Han Finckel Setzer trio

Han Finckel Setzer Trio – Season 69

April 4, 2017

Han Finckel Setzer Trio
Tuesday April 11, 2017 – 8:00 pm
Vancouver Playhouse

Han Finckel Setzer Trio
Wu Han, piano
David Finckel, cello
Philip Setzer, violin

Violinist Philip Setzer is a founding member of the Emerson String Quartet, which has received nine Grammy Awards, three Gramophone Awards, and an Avery Fisher Prize, and has performed cycles of the complete Beethoven, Bartók, and Shostakovich string quartets in the world’s musical capitals, from New York to Vienna. “The Noise of Time,” a groundbreaking theatre collaboration between the Emerson Quartet and Simon McBurney, about the life of Shostakovich, is based on Mr. Setzer’s original idea. As a soloist, he has appeared with the Cleveland Orchestra, the Aspen Chamber Orchestra, and also with the National, Memphis, New Mexico, Puerto Rico, Omaha and Anchorage Symphonies. He has also participated in the Marlboro Music Festival. Mr. Setzer is a tenured Professor of Violin and Chamber Music at Stony Brook University and has given master classes at schools around the world. He has been a regular faculty member of the Isaac Stern Chamber Music Workshops at Carnegie Hall and the Jerusalem Music Center. Mr. Setzer studied violin with Josef Gingold and Rafael Druian, at the Juilliard School with Oscar Shumsky, and also studied chamber music with Robert Mann and Felix Galimir.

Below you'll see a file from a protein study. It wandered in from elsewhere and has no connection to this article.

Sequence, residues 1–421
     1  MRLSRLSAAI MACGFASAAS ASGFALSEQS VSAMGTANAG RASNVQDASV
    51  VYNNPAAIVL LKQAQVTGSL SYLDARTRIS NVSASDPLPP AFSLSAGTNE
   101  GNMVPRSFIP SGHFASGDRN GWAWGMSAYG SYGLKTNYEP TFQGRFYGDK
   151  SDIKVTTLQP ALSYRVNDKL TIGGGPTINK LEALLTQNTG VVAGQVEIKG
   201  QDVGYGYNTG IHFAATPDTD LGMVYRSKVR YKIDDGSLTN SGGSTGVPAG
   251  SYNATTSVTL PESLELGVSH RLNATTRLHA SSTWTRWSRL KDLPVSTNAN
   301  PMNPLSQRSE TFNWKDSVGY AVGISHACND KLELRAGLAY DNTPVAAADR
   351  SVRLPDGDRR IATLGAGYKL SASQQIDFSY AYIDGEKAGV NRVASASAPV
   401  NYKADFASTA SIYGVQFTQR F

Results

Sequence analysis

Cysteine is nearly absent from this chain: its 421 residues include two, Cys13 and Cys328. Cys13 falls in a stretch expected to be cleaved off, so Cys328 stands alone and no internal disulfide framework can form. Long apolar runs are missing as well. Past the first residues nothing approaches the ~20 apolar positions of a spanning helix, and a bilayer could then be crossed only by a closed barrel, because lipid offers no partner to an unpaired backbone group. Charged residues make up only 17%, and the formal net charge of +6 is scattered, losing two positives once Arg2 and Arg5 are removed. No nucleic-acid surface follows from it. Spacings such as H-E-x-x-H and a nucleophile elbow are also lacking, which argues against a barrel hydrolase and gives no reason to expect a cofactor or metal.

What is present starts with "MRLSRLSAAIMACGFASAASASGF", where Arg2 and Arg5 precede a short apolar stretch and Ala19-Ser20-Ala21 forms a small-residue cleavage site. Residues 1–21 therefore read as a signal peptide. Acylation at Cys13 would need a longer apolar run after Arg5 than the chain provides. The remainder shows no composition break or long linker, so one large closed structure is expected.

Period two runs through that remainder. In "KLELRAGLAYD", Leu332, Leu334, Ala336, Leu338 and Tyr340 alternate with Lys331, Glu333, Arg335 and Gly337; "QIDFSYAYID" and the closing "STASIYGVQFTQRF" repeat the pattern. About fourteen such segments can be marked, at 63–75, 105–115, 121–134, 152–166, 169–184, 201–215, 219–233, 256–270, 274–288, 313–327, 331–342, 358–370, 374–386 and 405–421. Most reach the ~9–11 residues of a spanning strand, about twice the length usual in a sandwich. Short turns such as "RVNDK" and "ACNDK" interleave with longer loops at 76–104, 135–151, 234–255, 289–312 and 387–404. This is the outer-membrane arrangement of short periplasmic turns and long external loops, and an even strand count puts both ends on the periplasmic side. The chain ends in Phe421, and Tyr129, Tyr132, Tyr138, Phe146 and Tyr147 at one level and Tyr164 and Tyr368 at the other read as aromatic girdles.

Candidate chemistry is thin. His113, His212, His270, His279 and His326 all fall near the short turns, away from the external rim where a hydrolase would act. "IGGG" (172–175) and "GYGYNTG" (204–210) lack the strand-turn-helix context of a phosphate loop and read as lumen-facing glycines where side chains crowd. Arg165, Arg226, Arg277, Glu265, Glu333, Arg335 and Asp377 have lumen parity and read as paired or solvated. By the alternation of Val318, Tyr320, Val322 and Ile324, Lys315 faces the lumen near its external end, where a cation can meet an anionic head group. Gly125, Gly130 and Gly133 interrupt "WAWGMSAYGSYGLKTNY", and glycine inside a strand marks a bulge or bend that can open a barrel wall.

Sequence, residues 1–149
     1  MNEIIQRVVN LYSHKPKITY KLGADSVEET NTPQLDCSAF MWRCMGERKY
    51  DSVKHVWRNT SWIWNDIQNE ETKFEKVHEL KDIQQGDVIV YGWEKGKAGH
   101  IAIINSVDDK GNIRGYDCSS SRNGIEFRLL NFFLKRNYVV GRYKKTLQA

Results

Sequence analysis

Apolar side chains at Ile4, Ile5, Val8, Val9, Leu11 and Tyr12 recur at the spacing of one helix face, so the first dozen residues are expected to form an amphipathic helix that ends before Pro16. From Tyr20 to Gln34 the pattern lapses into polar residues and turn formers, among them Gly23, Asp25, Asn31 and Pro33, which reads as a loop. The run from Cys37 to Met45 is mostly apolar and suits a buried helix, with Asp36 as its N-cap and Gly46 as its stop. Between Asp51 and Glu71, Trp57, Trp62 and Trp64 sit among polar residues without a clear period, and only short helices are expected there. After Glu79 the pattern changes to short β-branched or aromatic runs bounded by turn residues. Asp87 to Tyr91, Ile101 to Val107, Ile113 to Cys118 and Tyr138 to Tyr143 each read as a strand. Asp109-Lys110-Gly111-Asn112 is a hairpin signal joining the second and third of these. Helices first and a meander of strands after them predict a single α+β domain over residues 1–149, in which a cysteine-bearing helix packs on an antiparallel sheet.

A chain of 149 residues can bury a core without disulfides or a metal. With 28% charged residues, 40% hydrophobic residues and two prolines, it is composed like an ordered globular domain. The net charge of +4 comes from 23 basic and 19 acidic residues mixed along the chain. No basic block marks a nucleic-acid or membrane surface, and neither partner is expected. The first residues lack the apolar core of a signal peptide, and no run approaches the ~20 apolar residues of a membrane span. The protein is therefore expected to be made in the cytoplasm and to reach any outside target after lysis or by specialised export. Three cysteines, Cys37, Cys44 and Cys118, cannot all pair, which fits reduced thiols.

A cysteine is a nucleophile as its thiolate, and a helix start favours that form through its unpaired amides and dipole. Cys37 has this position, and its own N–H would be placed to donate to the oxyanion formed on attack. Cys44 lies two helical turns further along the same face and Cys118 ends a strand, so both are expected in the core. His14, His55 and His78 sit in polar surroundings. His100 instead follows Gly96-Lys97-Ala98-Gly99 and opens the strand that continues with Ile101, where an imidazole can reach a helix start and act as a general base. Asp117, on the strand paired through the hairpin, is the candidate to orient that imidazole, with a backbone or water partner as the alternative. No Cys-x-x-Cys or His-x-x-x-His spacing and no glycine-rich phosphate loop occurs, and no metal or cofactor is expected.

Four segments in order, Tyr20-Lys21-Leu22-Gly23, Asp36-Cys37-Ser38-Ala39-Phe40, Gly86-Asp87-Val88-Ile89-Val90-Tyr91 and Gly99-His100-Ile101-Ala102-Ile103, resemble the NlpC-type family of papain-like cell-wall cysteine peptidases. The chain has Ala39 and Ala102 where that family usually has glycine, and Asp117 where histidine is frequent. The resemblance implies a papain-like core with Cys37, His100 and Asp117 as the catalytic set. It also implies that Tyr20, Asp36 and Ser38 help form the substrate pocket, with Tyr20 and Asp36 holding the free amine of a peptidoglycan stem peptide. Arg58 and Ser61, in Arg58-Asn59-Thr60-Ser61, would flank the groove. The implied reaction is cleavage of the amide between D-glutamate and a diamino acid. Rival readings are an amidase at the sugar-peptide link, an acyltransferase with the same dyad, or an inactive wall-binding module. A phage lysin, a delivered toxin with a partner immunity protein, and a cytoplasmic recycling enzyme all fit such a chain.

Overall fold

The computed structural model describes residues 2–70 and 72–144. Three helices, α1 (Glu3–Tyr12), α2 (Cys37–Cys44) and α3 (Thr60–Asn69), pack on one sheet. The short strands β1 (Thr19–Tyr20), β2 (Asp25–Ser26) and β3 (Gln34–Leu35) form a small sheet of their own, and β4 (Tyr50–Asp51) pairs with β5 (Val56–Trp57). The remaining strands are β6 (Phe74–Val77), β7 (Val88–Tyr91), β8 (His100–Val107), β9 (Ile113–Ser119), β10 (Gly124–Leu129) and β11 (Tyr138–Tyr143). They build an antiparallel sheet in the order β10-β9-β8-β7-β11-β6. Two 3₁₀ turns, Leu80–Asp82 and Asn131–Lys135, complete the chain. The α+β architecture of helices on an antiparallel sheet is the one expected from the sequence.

In 2012, David Finckel and Wu Han received Musical America’s 2012 Musicians of the Year award, one of the highest honours granted by the music industry. They pursue multifaceted endeavors as concert performers, recording artists, educators, artistic administrators, and cultural entrepreneurs. The duo appears each season at prestigious venues and concert series across the United States, Mexico, Canada, the Far East, and Europe to critical acclaim. In addition, David Finckel served as cellist of the Grammy Award-winning Emerson String Quartet for 34 years. In 1997, David Finckel and Wu Han launched ArtistLed (www.artistled.com), classical music’s first musician-directed and internet-based recording company. Together, they have also overseen the establishment and design of The Chamber Music Society of Lincoln Center’s acclaimed CMS Studio and CMS Live labels, as well as the Society’s recording partnership with Deutsche Grammophon; and the much lauded Music@Menlo LIVE label, now in its thirteenth season.